Racial Equity in the Service Sector: An Evaluation of Subminimum Wage Policy and its Impact on Workers of Color

Principal Investigators
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The restaurant industry is one of the largest private sector employers but is also the lowest paying, largely due to the subminimum wage for tipped workers. A direct legacy of slavery, the subminimum wage is still just $2.13 an hour at the federal level and below $5 an hour in 43 states. The subminimum wage has created large wage gaps between white workers and workers of color due to the segregation of workers of color into lower-tipping, more casual restaurants, and due to customer bias in tipping.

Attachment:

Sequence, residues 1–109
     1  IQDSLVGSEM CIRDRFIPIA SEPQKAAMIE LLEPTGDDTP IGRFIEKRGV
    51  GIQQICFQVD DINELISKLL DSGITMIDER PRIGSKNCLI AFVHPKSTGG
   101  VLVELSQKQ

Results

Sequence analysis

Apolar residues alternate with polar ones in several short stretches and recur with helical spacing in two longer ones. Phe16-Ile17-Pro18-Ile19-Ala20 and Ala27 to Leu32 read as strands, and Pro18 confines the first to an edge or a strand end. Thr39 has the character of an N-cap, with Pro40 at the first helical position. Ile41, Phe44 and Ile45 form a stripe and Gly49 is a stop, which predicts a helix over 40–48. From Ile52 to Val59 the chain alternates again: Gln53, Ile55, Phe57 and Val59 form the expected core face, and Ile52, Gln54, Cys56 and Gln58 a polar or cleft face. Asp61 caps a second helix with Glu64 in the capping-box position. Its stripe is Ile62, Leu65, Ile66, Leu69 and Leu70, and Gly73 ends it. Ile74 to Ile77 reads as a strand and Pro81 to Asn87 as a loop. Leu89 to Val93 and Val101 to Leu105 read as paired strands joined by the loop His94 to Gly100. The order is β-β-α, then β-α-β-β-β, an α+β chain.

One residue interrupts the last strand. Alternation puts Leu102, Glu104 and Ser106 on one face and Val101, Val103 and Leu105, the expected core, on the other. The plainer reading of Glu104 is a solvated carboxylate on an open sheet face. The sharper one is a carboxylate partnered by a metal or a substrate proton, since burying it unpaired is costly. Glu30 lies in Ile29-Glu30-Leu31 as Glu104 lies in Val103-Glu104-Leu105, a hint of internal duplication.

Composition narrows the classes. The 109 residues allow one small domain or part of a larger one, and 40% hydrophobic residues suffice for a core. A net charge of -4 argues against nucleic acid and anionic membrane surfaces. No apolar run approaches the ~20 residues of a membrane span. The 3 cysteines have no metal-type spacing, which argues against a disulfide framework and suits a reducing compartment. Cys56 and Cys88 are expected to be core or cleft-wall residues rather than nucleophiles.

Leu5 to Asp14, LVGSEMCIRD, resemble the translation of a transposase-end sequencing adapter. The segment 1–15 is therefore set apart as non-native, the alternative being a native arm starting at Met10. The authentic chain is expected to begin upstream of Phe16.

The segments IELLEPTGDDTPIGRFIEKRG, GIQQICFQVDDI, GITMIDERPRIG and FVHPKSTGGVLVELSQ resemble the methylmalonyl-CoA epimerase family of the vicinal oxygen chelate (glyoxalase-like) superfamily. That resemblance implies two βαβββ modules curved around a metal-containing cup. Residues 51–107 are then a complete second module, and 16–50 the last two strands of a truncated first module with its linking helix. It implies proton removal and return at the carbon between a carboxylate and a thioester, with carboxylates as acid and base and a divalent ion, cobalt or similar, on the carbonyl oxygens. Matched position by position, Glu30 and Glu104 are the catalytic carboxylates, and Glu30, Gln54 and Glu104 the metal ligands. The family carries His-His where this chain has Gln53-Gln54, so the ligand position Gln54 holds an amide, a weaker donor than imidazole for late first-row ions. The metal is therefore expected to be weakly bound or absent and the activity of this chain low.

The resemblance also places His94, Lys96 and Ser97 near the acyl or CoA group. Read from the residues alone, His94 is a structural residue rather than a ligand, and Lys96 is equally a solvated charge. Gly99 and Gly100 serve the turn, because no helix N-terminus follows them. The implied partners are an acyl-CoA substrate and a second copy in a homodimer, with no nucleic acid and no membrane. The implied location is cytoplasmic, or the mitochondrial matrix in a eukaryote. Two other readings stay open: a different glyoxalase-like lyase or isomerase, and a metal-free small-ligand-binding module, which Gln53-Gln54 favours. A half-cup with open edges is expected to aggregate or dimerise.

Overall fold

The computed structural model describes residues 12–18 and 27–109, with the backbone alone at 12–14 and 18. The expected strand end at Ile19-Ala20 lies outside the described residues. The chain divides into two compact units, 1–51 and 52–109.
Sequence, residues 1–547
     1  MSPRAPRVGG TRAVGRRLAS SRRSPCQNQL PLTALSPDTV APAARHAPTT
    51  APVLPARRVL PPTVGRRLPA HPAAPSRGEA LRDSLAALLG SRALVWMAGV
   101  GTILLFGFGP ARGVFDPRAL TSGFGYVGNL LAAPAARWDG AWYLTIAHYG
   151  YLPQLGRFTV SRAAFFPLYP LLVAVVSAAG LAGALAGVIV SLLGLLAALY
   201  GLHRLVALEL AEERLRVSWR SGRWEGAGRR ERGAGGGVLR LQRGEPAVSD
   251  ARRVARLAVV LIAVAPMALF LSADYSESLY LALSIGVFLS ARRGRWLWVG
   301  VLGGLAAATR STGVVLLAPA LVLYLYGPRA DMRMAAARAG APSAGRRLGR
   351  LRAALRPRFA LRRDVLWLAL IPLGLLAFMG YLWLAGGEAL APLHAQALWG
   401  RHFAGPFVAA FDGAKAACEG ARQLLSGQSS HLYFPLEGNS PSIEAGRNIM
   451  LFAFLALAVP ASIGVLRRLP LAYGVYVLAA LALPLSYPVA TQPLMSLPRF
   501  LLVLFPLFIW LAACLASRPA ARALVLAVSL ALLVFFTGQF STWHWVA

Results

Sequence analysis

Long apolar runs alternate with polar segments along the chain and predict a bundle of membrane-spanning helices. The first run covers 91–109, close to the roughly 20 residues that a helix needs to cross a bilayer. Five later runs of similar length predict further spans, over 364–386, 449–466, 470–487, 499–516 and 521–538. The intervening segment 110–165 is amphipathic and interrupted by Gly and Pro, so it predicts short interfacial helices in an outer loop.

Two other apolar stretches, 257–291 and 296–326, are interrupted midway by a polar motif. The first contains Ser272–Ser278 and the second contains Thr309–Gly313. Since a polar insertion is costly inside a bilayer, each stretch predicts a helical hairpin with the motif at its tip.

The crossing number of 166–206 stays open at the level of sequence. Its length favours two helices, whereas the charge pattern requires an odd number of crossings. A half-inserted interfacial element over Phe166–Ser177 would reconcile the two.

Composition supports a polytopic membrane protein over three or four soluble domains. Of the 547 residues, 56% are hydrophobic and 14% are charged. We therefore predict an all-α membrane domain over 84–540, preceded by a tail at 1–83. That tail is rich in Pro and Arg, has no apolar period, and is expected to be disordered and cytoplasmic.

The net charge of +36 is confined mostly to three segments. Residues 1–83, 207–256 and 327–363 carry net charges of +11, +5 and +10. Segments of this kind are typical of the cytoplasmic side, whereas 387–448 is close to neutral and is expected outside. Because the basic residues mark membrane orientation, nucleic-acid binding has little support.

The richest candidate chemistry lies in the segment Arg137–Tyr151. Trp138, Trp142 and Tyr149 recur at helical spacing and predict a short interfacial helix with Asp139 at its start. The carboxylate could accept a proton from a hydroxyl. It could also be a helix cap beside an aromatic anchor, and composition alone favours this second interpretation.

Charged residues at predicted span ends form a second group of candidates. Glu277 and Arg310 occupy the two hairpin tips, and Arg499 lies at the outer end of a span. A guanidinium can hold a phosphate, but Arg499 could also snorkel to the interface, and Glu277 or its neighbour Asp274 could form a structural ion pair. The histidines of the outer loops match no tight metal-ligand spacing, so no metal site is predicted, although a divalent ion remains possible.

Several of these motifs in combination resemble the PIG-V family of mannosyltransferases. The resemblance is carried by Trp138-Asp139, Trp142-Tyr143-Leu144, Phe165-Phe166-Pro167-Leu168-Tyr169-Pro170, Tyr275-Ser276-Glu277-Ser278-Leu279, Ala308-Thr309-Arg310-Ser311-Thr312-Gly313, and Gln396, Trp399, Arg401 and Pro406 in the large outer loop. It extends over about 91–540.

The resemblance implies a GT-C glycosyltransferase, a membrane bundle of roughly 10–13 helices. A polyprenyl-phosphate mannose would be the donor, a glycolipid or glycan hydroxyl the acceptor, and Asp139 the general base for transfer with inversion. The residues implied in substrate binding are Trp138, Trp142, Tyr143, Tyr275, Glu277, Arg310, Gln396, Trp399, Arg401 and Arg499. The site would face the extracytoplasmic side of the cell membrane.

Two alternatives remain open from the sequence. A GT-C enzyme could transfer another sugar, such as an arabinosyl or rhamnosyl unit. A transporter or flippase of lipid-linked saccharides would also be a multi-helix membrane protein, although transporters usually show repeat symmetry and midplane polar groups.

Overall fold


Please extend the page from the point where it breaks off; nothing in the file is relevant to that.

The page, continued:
This project will evaluate the two-tiered wage policy and its impact on racial equity, by comparing the racial wage gap and related health impacts, especially during COVID, on service workers between the seven states that require all workers to be paid a full minimum wage with tips on top and the 43 states that allow a subminimum wage. This research will help to inform discussions around policy being considered in 7 states and at the federal level to eliminate the subminimum wage for tipped workers.